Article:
Venture Capital Evolution
VCs play essential roles in funding the commercialization of new technologies. Thus, the emergence of a VC investment category is important for technological innovation and business formation (Florida & Kenney, 1988a, 1988b; Lerner, 2002; Oakey, 2003; Samila & Sorenson, 2010a; Timmons & Bygrave, 1986). Despite this importance, there has been “little research ...[on] the industrial organization of the VC industry and its evolution over time.” (Da Rin et al., 2011, p. 100). The creation of markets is typically described as an evolutionary development in a systemic environment (Hekkert et al., 2007; Nelson & Winter, 1982). Karaomerlioglu and Jacobsson (2000, p. 77) argue that “a VC industry evolves as a function of the institutional set-up in the economy”.
In national contexts, government policy influences evolutionary development of VC investment classes and the overall VC industry (Lerner, 2009; S. White, Gao, & Zhang, 2005). White et al. (2005) confirms the importance of governments creating a macroeconomic environment that supports a national venture capital industry. A VC industry also requires a sufficiently active entrepreneurial community for investments as well as open capital markets for exiting investments (Da Rin, Nicodano, & Sembenelli, 2006a; Jeng & Wells, 2000; Kenney, 2011a).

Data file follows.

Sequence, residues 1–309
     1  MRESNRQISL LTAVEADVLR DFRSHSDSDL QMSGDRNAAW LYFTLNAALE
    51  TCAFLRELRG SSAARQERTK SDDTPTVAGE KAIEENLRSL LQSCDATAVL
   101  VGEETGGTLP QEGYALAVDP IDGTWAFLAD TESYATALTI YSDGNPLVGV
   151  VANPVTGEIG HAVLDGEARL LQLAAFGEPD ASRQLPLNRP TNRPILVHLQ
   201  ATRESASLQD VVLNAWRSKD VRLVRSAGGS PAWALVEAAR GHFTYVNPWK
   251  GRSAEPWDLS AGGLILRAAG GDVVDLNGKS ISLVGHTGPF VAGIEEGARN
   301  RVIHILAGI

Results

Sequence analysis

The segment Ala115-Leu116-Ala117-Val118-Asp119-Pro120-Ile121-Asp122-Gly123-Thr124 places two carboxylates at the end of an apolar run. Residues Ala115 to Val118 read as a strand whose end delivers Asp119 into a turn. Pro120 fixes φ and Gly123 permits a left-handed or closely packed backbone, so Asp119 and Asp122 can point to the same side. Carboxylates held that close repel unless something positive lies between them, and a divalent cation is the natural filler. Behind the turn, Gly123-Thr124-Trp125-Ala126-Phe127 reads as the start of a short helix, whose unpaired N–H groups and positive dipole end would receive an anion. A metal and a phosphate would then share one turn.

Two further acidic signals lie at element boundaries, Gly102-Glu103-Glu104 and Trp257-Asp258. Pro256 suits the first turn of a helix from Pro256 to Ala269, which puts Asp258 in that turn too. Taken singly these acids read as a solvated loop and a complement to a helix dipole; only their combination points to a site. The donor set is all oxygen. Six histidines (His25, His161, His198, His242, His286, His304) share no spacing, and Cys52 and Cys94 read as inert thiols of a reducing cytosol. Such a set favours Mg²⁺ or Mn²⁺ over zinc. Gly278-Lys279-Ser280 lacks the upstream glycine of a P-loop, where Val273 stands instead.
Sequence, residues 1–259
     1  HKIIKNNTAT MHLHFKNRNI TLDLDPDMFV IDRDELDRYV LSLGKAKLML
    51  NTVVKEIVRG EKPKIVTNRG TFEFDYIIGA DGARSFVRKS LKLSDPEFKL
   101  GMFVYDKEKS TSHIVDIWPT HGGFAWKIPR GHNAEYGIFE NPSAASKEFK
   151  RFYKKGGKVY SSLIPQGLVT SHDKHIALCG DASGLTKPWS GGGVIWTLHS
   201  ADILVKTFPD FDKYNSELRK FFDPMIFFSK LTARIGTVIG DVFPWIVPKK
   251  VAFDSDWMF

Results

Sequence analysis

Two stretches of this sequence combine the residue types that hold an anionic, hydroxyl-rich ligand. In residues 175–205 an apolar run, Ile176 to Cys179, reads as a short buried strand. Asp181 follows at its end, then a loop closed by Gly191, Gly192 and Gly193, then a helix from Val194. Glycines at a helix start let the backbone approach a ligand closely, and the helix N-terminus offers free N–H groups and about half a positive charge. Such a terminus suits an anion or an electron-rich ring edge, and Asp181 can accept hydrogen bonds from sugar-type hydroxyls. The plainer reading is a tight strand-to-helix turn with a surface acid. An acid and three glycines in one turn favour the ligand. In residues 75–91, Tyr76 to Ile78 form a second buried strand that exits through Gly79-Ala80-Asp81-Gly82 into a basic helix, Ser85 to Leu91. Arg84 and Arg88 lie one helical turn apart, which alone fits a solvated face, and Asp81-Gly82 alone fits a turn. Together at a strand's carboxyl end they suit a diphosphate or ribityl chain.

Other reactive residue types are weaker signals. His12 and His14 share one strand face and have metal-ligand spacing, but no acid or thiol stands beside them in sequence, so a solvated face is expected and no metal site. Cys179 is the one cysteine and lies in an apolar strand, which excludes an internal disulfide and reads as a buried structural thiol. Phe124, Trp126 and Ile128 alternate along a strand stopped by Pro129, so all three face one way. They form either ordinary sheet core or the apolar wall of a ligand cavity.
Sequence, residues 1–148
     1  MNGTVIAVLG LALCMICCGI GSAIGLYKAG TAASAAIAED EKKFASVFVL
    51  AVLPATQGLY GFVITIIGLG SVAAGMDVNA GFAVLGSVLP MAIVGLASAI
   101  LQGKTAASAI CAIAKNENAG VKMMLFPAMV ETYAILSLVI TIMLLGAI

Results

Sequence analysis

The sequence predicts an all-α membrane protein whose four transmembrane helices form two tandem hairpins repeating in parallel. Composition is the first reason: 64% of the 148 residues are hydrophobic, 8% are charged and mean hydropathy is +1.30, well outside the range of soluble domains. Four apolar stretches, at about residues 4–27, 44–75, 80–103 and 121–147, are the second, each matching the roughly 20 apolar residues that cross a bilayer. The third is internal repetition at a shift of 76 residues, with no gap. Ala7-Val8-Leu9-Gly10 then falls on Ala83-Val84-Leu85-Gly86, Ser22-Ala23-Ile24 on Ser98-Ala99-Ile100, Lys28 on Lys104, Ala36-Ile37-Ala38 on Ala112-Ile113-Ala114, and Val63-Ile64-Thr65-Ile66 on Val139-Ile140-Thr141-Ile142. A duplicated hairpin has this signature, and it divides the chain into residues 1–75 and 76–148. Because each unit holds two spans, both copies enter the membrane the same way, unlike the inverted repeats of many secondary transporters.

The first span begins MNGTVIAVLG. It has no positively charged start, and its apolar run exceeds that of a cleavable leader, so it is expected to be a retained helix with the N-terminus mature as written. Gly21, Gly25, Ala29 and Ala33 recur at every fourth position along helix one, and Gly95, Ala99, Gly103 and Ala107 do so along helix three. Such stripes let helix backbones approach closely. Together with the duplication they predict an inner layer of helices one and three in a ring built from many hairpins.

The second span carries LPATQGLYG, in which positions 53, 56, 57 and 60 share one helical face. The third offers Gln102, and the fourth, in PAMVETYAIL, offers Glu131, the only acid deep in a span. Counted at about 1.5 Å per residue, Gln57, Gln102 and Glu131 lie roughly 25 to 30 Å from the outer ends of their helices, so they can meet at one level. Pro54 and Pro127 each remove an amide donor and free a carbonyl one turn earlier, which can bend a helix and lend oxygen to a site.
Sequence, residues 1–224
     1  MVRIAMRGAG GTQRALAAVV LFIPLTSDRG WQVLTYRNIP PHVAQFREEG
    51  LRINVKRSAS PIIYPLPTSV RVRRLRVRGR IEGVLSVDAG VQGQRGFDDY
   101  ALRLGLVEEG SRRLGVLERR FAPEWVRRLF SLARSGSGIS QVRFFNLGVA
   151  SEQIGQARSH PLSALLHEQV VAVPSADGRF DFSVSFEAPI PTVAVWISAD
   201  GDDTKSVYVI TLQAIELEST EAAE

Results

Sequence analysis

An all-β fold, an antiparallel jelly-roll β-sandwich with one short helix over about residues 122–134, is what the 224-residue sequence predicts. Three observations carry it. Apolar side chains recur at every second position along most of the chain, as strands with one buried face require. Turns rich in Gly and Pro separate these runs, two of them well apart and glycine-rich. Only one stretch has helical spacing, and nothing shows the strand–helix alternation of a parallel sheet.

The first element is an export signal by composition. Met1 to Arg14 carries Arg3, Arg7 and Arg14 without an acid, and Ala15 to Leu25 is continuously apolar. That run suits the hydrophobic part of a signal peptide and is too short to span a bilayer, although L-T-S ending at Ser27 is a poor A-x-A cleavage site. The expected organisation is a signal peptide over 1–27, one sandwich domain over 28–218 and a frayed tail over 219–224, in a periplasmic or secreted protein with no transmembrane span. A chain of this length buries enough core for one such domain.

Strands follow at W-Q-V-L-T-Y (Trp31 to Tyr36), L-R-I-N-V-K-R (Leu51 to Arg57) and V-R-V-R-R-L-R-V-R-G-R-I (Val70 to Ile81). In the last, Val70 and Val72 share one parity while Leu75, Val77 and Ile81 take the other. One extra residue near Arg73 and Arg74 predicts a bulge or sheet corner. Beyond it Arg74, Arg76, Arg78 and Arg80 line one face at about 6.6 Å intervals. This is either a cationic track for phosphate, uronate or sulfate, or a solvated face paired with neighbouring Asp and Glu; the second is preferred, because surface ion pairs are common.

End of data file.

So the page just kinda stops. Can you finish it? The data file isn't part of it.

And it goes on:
In contrast to the institutionalized VC markets in the USA, Israel and Taiwan, research on VC market growth in the German, European, Hong Kong, and Swedish VC markets (Becker & Hellmann, 2003; Bottazzi & Da Rin, 2002; Chu & Hisrich, 2001; Karaomerlioglu & Jacobsson, 2000) and Asian markets (Dossani & Kenney, 2002; Kenney, Han, & Tanaka,, 2004) shows that internal and external forces drive the VC market evolution. Industry level research has examined several aspects of general VC historic development or its development in certain countries and regions. It reveals cyclicality in the investment process, the level of funding, as well as the returns on subsequent investments (Bygrave, Fast, Khoylian, Vincent, & William, 1989; Gompers & Lerner, 2001). For example, Murray (1995) concludes that by the mid of the 1990s the VC industry as a whole had reached a maturity stage as described in Porter’s (1980) model of industry maturity. To ensure a future path for the industry, investments into new industries or categories is necessary (Badino, Hu, & Hung, 2006). For this reason, VC investments follow a life-cycle process, where investments begin, grow and decline over time.